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Unfortunately details are vague on the bumper installation. I had to extend tabs on the frame horn brackets for full support

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The other thing I did was re-drill the 1500 frame horns and move them down all way, as the HD frame is much taller. I would've like to had HD frame horn brackets to try, but I was obsessed with proper fitment on the frame and safety. That bumper had to be as strong as OEM for me to be happy. 

 

 

On this test fit the bumper is sitting way too high. There has to be a cab below the grille. I was still figuring that out here.

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Somewhere around here the truck came to life again. I was able to put the other Sheetmetal on once I knew the engine bay was good to go. 

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The feeling you get when you drive a project out like this was pretty good. Good motivation to keep rolling. I had lots of visitors pointing out how crazy I was... lots of fuel to keep going. 

 

Box went back on

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Had to try out the lights, hated how they looked here. 

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You can see how badly the truck needed paint correction here. Hey it was a $1500 write off, it didn't have a great past!

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Back to bumper alignment. Starting to get it figured out, that bumper was on and off probably 40 times. 

 

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Starting to look like a truck

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Box liner kept the bed nice at least!

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I wanted to stick with 18" Wheel for ride quality, found some used off a 2019 wrapped in new Blizzaks. Perfect for me, won't look super cool though. Function for me sometimes wins over looks.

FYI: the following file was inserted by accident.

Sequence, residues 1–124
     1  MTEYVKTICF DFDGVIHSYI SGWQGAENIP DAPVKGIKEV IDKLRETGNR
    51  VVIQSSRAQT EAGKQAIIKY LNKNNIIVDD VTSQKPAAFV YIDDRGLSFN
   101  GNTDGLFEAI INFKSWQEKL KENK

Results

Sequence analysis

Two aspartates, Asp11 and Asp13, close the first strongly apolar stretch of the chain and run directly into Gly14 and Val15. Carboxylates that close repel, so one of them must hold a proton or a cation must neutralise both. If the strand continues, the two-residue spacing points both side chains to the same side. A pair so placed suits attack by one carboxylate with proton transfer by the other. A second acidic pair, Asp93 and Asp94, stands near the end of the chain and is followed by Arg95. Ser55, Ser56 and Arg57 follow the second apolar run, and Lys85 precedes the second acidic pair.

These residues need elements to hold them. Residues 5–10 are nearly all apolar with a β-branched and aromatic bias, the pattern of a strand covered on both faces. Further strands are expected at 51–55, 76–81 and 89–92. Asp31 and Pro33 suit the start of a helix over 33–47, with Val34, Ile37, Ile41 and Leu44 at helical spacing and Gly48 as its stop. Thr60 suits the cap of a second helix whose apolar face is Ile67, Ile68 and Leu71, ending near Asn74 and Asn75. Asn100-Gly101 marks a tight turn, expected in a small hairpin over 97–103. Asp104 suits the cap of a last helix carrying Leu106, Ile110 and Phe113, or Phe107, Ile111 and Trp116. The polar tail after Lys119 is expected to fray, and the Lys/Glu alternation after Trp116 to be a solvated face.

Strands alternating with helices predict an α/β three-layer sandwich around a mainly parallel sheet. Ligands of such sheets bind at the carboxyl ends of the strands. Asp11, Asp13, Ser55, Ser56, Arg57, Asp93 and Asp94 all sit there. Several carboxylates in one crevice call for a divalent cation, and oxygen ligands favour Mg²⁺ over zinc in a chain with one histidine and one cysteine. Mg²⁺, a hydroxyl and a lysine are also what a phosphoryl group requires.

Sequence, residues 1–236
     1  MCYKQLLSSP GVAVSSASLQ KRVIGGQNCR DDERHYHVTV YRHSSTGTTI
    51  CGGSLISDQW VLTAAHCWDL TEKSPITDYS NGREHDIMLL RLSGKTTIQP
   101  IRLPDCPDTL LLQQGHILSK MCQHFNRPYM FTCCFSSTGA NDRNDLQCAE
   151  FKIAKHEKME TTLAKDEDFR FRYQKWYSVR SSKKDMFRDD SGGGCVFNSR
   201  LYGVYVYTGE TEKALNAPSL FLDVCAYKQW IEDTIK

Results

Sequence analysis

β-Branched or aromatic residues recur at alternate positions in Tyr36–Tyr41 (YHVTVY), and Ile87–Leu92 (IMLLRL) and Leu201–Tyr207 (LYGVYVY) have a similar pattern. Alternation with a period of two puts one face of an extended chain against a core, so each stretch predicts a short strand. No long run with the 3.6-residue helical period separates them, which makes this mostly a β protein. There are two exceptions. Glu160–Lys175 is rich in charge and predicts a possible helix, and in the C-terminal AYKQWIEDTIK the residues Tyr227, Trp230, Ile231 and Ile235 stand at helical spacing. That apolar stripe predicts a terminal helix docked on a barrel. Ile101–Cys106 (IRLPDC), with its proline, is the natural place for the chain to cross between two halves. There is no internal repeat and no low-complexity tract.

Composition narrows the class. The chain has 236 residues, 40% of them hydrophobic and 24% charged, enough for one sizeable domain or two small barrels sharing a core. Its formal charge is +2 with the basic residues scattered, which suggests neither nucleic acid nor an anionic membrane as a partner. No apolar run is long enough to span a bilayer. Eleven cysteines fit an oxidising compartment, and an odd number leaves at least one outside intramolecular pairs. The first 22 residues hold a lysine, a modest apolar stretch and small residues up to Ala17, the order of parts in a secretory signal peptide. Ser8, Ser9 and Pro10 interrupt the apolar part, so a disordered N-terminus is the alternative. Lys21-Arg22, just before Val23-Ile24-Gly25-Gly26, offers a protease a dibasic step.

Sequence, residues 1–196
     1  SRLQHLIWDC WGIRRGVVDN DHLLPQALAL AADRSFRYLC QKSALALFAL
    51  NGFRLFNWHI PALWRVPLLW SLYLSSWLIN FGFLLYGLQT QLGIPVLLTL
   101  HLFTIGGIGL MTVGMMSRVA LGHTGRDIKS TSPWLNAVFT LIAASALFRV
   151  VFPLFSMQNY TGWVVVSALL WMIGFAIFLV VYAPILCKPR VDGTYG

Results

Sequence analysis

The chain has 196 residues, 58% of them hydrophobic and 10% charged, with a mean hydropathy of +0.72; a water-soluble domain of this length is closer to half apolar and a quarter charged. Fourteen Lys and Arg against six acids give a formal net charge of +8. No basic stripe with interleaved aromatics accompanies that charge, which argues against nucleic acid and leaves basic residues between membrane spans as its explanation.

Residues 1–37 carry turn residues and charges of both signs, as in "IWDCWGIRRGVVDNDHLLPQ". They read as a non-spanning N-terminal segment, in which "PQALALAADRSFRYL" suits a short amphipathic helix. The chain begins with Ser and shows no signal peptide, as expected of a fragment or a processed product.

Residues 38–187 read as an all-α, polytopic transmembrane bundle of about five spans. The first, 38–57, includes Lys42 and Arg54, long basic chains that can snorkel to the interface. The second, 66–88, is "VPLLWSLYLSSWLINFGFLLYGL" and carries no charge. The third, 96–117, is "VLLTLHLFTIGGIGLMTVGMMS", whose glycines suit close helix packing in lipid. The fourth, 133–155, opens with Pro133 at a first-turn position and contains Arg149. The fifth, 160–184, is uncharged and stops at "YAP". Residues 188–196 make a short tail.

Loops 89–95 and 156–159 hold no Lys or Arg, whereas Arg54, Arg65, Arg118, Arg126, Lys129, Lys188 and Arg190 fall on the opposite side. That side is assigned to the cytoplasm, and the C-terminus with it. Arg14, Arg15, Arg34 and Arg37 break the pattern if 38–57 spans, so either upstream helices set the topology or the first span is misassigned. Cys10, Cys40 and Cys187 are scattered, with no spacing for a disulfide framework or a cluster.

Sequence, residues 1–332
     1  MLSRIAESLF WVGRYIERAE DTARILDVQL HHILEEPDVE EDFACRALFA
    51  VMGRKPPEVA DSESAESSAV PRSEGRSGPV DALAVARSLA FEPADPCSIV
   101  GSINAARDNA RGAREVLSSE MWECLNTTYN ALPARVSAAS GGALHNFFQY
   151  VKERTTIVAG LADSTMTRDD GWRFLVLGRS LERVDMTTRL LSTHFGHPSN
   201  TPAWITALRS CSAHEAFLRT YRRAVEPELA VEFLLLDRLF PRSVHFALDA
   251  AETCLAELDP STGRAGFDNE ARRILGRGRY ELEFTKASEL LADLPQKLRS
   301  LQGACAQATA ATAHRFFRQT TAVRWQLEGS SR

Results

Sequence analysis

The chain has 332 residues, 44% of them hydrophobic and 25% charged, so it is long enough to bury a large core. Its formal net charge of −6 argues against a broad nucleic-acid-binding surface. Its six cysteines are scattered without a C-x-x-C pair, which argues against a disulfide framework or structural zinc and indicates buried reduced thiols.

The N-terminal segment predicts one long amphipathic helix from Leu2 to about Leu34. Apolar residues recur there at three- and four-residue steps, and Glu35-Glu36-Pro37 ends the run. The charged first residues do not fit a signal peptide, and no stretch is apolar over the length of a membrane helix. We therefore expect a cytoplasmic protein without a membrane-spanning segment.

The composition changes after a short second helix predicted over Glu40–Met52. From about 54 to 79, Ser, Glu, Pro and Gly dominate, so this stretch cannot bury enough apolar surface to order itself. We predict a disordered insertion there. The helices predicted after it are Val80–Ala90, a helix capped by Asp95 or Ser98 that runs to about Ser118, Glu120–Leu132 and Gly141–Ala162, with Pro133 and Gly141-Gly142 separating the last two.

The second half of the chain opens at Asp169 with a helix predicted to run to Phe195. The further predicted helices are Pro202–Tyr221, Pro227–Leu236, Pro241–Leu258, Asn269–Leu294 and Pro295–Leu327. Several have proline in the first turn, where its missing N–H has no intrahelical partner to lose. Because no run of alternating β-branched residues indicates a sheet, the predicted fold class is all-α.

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Husky brand mud flaps to kick the junk off before parking in the garage: 

 

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I hated that fake chrome, had to order mirror caps, door handles, and a new gas door lid. The awesome body shop manager who convinced me to replace frame and cab did the spray job on these. 

 

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All assembled in the shop.. the lights look much better now. Still don't like them as much as OEM but light output is way better, with a clean cutoff and no blinding other drivers.

 

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Lights on

 

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Day time after some miles

 

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Beside the old cab

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Close up on the mangled cab.. I'm glad that repair wasn't attempted.